Zagreb is the capital and the largest city of the Republic of Croatia. The first recorded appearance of the name Zagreb is dated to 1094, at which time the city existed as two different city centers: the smaller, eastern Kaptol, inhabited mainly by clergy and housing Zagreb Cathedral, and the larger, western Gradec, inhabited mainly by farmers and merchants. They were united in 1851. Some sources suggest that the name derives from the term 'za breg' or 'beyond the hill'. The hill may well have been the river bank of the River Sava, which is believed to have previously flowed closer to the city center. According to another old legend, a city ruler was thirsty and ordered a girl named Manda to take water from Lake Manduševac, nowadays a fountain in Ban Jelačić Square, using the sentence: "Zagrabi, Mando!" which means, Scoop it up, Manda!
A cafe culture downtown outdoor cafes are crammed with caffeine-seeking voyeurs, assessing passersby while gossiping or debating politics. Friendly and funny, many of the city's residents speak English. No double skim lattes, these purists go for espresso -- with or without whipped cream -- or cappuccino elegantly served in cup and saucer.
The food over the past millennia, Romans, Ottomans, Venetians and Austrians have all battled over Croatia. The result is a remarkably diverse cuisine based on quality ingredients. Be sure to order Paski sir (cheese from the island of Pag), janjetina na raznju (spit-roasted lamb) and riba na gradele (fish on the grill), as well as Turkish treats cevapi u somunu (grilled meat dumplings) and raznjici (pork shish-kabab). And with all the vineyards around, wine is delicious and inexpensive.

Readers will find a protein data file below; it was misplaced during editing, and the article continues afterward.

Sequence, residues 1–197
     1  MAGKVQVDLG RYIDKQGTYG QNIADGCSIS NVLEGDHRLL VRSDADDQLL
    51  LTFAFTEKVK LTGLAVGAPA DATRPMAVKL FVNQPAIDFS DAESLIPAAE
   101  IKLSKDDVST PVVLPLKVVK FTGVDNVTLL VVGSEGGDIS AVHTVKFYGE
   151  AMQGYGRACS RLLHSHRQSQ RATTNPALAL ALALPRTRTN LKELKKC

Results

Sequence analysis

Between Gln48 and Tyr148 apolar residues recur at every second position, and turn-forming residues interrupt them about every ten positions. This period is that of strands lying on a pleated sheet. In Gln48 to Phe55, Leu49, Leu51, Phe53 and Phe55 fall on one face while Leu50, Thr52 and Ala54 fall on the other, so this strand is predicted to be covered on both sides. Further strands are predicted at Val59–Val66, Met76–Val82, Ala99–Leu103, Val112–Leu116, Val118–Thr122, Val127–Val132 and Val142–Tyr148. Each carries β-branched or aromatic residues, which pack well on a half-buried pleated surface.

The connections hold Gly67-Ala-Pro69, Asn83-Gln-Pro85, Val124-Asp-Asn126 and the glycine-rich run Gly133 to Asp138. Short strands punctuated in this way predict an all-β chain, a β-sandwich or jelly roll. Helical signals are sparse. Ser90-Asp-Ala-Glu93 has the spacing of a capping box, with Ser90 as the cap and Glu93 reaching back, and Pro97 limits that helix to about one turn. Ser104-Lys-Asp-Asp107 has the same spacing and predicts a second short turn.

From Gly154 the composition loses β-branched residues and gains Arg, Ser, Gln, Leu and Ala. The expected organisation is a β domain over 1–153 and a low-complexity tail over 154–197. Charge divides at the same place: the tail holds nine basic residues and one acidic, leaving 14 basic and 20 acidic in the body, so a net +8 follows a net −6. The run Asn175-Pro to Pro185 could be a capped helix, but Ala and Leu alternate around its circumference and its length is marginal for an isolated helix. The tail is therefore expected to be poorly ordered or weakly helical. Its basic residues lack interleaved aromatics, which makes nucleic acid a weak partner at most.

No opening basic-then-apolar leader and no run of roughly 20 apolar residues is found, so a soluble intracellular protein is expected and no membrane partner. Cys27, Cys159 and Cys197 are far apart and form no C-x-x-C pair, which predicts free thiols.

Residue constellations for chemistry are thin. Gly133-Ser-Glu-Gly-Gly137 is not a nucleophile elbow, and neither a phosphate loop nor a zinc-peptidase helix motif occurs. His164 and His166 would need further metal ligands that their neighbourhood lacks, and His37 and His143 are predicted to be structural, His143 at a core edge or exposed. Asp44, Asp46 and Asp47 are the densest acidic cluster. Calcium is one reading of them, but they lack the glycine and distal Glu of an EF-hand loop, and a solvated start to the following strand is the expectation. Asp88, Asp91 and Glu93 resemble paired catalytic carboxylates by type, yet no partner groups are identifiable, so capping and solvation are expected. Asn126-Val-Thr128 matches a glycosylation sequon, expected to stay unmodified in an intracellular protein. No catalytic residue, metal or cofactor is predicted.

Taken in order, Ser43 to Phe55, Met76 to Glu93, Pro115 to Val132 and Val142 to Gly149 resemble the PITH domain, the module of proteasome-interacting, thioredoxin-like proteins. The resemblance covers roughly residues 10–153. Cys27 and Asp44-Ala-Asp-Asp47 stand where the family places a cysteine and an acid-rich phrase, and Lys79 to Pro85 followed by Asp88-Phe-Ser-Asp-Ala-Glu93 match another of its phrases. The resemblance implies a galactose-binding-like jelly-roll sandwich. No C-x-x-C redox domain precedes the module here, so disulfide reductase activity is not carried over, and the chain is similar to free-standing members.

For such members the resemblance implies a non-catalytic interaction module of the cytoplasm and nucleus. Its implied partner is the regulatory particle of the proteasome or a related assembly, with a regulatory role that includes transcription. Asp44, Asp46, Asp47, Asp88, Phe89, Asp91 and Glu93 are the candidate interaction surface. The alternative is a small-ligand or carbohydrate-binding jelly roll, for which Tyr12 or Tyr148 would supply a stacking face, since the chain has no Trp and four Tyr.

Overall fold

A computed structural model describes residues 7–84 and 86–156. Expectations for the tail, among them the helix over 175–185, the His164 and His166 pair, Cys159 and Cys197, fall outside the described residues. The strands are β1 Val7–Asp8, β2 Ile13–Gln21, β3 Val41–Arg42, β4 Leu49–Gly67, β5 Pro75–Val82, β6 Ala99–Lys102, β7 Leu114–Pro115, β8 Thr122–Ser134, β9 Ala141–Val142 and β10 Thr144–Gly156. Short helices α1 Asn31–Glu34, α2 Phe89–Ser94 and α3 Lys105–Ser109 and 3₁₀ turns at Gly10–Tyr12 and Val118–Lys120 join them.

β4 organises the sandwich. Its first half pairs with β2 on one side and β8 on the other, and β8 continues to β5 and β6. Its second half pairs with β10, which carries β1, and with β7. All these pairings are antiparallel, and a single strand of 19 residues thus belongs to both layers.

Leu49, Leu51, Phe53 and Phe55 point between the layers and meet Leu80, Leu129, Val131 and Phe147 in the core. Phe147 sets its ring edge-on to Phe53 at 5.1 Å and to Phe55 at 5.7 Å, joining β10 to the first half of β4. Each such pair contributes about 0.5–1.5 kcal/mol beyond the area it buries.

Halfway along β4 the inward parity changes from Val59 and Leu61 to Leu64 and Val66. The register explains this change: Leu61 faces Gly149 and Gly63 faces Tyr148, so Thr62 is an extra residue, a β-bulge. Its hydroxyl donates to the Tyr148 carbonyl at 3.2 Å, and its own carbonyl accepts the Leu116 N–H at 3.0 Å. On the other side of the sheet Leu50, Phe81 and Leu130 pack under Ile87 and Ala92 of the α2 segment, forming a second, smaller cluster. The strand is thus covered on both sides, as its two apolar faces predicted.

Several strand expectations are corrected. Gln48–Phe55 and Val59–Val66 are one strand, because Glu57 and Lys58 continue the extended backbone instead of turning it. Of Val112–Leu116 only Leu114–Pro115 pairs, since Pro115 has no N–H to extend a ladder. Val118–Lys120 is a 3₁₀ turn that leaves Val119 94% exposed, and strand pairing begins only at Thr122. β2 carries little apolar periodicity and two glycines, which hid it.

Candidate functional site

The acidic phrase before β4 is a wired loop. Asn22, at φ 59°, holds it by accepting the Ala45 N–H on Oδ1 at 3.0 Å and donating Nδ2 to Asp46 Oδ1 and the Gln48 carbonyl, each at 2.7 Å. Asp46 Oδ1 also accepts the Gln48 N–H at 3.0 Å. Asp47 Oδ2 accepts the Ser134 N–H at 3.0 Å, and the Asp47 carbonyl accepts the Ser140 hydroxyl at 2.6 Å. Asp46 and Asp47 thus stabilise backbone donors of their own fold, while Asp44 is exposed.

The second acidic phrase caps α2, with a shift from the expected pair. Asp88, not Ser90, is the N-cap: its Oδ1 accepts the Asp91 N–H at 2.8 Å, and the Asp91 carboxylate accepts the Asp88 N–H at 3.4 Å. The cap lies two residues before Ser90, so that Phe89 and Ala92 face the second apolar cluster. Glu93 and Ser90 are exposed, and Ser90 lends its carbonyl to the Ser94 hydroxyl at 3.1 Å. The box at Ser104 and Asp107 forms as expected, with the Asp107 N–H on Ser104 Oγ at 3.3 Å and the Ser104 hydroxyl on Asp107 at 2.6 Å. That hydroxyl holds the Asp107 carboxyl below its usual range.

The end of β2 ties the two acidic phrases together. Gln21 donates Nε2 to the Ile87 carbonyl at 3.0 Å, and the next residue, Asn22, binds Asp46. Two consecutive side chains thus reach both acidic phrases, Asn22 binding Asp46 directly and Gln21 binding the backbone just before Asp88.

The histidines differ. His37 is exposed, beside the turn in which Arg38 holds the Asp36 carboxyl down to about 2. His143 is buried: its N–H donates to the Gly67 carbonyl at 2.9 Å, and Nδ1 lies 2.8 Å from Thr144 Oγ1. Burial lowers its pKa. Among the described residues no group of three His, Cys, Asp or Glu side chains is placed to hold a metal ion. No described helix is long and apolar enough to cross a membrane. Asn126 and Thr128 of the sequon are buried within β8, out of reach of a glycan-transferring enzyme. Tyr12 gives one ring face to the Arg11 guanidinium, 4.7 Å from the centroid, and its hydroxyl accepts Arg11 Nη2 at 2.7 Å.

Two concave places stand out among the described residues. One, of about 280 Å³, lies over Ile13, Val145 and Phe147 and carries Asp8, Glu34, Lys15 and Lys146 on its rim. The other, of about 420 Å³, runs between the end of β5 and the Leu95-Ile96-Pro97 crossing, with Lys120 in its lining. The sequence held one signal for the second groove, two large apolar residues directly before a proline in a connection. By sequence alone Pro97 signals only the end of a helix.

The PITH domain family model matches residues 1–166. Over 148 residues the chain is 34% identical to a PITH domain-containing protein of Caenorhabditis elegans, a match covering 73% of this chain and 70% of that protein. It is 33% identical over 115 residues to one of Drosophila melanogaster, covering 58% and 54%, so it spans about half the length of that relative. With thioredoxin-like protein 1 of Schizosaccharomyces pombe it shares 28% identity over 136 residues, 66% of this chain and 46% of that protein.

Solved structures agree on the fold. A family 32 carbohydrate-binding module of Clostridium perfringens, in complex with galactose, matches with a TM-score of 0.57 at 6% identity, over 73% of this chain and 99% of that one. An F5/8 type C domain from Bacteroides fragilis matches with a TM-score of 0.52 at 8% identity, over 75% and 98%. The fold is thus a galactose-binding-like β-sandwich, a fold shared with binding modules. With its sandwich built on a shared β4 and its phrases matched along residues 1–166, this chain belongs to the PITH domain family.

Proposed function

The Cathedral despite being communist until 1989, Croatia managed to retain its Catholic religion. The twin spires of Zagreb's neo-Gothic cathedral dominate the downtown skyline.
The Archeology Museum the Zagreb mummy is too macabre to resist. This mummified body of a woman replete with toenails and hair, was brought to Croatia from Egypt in 1848. Like many celebrities, the Zagreb mummy is most famous for her clothes. Her bandage wrapping are strips of an Etruscan book made of linen, the longest known text (1,200 words) in this as-yet untranslated language. The mystery, however, is why the Etruscan mummy was in Egypt in the first place!